Doug: [00:22:20] If we all say it's OK then we're dead because OK isn't good enough. But if one person if Phillips says it's awesome and I think it's just not it's just not there. I know enough to know that I don't know everything. And if he sees it as something that could be really hot as long as one person sees it is as awesome. Then we go for it. If nobody sees it is awesome and I'll say I've made them myself and and have the guy's face and I go out and it's OK but I wouldn't say it's awesome. And you know it you just it we're done. Start all over again. OK you just start all over again.

 

Doug: [00:23:00] In the event then the next thing we do is we quantitatively test it with a representative sample of the customers that this products can be marketed for.

 

Doug: [00:23:08] And we see how people react to it. And and then we find the truth because the numbers don't lie. I mean they they tell us like it is. And OK so say we're OK there and let sometimes we do that four or five times sometimes ten times sometimes 20 times it takes a while sometimes and then.

 

Doug: [00:23:26] The third thing is is we live with it. And this one has it's been surprisingly because you need to taste test that kind of stuff. That's one thing but. When you live with it. Your attitudes change your attitude change.

 

Doug: [00:23:44] This is like drinking it in different occasions in different ways in cocktails over ice neat with different people. Last night we had a at a barbecue and had a little fire afterwards and we're sitting there were some chocolates and and and I went down to the whisk(e)y cellar and brought out a number of different bottles and ours and others and you know we did a little tasting of some of the different ones there. And it's like you just start to see it in different occasions and it takes on three dimensions to you.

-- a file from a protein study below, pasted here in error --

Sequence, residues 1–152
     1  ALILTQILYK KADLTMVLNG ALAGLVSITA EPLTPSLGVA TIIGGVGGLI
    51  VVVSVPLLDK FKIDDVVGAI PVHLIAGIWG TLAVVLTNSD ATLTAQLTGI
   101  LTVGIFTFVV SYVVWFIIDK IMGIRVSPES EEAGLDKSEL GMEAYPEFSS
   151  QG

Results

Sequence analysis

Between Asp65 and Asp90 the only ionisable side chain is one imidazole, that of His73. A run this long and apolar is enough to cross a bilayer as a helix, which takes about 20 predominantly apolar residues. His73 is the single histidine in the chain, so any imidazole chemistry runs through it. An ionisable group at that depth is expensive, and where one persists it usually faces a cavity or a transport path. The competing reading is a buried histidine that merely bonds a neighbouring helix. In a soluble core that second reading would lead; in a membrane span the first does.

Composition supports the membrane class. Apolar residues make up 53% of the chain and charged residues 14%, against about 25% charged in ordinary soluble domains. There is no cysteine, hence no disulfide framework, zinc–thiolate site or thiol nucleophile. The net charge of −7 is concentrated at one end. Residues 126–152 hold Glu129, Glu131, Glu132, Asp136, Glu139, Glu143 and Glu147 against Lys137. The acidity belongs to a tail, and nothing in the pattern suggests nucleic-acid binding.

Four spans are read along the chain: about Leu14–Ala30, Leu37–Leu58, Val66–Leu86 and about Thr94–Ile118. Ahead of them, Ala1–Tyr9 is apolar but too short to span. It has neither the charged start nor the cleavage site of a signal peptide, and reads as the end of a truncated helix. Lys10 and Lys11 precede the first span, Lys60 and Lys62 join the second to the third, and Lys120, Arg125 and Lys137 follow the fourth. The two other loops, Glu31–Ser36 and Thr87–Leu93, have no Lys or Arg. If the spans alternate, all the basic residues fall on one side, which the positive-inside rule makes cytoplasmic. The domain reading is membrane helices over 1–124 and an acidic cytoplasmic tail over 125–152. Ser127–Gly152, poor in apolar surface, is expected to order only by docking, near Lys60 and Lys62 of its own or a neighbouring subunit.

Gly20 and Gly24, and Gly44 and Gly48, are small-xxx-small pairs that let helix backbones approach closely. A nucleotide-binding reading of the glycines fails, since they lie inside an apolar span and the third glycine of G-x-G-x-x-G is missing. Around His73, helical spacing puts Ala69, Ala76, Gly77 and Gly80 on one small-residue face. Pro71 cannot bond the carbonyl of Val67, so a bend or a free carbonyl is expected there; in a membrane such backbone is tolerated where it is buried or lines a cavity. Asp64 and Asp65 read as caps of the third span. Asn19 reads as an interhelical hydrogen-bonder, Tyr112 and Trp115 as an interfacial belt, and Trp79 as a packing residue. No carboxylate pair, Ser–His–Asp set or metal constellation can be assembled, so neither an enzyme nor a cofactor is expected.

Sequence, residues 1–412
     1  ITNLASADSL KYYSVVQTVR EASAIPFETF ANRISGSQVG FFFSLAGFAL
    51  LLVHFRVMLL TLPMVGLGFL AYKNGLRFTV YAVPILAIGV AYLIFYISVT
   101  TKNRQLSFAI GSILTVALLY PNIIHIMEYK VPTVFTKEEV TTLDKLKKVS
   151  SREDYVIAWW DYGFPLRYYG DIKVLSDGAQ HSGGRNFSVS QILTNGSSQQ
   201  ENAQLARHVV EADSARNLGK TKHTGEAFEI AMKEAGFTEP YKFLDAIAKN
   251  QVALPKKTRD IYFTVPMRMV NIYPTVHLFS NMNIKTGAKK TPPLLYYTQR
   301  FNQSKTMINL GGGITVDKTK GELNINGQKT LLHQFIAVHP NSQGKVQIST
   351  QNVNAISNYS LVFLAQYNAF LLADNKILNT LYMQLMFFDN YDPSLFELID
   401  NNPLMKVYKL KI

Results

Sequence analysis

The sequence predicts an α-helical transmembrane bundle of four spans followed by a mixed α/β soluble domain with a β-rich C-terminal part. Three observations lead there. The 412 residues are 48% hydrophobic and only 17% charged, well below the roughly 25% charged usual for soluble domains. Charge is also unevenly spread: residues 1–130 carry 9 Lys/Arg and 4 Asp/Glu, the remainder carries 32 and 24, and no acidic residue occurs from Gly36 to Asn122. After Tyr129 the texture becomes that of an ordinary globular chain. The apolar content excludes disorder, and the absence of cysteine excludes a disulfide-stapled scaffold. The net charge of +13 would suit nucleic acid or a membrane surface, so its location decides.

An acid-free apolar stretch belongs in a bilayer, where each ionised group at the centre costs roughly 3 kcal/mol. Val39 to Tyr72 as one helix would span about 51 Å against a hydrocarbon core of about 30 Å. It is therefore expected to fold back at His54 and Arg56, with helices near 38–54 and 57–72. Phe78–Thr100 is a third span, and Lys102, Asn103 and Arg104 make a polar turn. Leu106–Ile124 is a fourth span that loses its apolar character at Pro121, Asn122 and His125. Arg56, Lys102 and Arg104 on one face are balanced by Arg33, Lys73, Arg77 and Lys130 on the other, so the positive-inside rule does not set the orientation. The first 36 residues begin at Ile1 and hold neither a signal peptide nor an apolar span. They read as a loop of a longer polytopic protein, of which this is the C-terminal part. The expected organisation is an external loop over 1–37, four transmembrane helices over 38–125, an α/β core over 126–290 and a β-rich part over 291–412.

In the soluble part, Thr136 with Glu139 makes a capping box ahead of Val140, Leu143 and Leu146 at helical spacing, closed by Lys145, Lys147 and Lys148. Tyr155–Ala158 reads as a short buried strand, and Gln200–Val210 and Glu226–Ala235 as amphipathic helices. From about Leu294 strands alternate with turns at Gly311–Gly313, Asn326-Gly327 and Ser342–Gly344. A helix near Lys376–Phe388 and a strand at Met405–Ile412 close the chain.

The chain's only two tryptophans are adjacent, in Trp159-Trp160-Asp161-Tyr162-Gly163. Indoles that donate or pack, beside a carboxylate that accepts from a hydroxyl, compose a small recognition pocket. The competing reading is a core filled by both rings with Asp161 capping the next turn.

Doug: [00:24:18] And from this we'll get new insights that will inspire changes or. Totally new products will happen and so it's very much an iterative process of creating testing pivoting. And while many people do number one you know the whisk(e)y makers taste it their friends the number that really quantitatively test it and the people that you know drew out a sample bottle and have people live with it. There are very small very small. And that's why that's why we we've got a. Getting people to live that way. So you really see it in multiple dimensions is real important.

 

Tripp: [00:25:03] Yeah. You know it's interesting to me and especially now engaged in this psychotic thing of trying to to put this distillery together in Indiana. But you know I find myself listening to videos and podcasts and different things on on whisk(e)y and it just seems so overwhelming to me at this point that you know it would seem I have such an individual taste that and you know you have three three people that in your group that have to have tried all of these things. It just seems like it's so difficult to kind of find the sweet spot of not only what you three would agree to but what consumers would like like you do in the second step.